As a continuation of the Fee-Only Financial Advisor blog sharing group, this month’s post comes to us from Michael Garry, a Financial Advisor in Newtown, PA.

Steps to Protect your Financial Information in an Age of Increased Security Risk

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Technology is exponentially expanding and proliferating our personal and professional lives more and more each day. While this brings its advantages and efficiencies, it also opens us up to many kinds of threats to our privacy and security.

Many of us feel overwhelmed about trying to understand all that comes with technology, how we use it and how we can improve our practices to avoid loss of data or exposure to data theft. The first step is to understand the various ways these threats and security breaches can occur.

As technology has advanced over the course of the past 40 years, the computer has shrunk from a machine that took up two rooms to a gadget we can hold in the palm of our hand. Studies have shown that as technology has improved, so have the security protocols for the internet. What this means is that as long as some fairly simple steps are taken to address chinks in your security armor, you will be in a good place to be able to avoid most, if not all digital security risks.

Taking a holistic approach to building a sound security model is the best way to protect yourself.

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  • Identify all potential areas of risk
  • Prioritize which risks are most important to mitigate
  • Implement solutions that mitigate risk
  • Monitor and test the solutions that have been implemented



1.   Knowledge is power


The number one risk for increased vulnerability is the user…that means you. Understanding that there are threats to your security and knowing how to identify them before falling prey is extremely important. Gaining knowledge about how to identify suspicious emails and information that is prudent to not provide to anyone over the phone is a good place to start.

One example of this is a frequent phone call that people get regarding the slowness of their computer. Someone will call offering a service to help them improve their computer speed. The caller will ask you to visit a specific website and enter in their computer’s username and password so that they can remote into the computer. By doing this the user has provided the login credentials to their computer as well as complete access to the computer’s data. Also, never click on a link provided in an e-mail. If you are directed to your bank’s website, enter the bank’s website address manually versus following a link. It may be a trick.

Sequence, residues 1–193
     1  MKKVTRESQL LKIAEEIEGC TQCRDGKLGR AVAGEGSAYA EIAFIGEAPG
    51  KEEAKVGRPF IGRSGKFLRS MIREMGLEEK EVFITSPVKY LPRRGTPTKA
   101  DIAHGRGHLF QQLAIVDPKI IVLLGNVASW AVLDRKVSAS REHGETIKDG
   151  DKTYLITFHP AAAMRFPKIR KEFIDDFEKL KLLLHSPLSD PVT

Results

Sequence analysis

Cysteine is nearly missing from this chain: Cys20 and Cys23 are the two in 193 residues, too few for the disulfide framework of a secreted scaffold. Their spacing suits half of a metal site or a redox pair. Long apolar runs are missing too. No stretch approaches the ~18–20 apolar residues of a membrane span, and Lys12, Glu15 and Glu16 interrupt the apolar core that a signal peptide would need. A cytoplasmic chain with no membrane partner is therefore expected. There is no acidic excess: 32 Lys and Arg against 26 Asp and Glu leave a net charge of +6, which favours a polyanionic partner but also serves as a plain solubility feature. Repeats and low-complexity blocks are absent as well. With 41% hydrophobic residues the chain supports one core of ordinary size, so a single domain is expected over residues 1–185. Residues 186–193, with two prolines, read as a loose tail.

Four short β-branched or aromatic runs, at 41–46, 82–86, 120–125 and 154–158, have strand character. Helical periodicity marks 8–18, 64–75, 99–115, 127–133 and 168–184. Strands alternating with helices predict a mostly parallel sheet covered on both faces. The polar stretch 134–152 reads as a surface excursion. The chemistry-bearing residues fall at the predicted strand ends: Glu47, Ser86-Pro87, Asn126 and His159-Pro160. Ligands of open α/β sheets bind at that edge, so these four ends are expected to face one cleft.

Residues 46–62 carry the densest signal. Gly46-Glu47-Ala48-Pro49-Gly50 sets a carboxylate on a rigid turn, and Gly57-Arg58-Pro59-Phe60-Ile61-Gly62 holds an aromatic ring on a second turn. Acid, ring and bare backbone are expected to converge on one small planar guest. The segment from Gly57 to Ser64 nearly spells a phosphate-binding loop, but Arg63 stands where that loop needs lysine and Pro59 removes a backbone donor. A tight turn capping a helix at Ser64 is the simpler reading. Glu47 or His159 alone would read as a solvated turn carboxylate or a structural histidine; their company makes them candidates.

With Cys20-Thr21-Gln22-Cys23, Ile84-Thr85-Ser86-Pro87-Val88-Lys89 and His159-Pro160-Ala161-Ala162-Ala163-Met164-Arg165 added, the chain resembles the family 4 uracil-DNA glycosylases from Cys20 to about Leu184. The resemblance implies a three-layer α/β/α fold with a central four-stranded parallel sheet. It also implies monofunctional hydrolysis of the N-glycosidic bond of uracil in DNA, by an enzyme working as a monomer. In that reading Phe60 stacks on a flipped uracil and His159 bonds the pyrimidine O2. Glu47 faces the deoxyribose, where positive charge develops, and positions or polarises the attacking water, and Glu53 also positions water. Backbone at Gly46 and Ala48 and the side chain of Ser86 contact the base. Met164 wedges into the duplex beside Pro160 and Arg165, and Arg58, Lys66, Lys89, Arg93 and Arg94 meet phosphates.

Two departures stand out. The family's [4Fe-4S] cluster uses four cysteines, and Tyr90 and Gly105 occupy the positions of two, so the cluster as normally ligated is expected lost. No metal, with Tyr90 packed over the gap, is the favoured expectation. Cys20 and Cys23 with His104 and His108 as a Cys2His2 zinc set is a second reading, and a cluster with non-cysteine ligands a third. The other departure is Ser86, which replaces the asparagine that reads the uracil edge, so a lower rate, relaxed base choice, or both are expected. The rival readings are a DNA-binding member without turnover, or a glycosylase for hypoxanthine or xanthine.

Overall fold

2.   Physical Security


How secure are you in what you do with your personal computing equipment? Do you have a server for your small business or at home with a locked door? If you carry laptops and tablets, do you keep them in non-descript bags? People are far less likely to go rummaging through a duffle bag for a laptop than they are to quickly swipe a small bag holding only that. Keep your phone in a holster or pocket when not in use. Phones are most often lost or stolen because people have left them on the table at the restaurant or on the counter at the grocery store.

Setup an online tracking device for your phone and tablets. One that works across operating systems and works with phones and tablets is called Prey Anti-theft. You can find your phone or tablet by logging into your account and you can also setup features like allowing the phone to take a picture of the potential thief when they press a button on the phone (not knowing that it would manifest a trigger).


3.   Password Management & Secure Access


With the average adult having more than 34 password protected accounts that they are managing, it is no surprise that people are cutting corners when it comes to choosing passwords and ensuring secure access. It is paramount to protecting your information that you remain diligent in your password management.


Password Complexity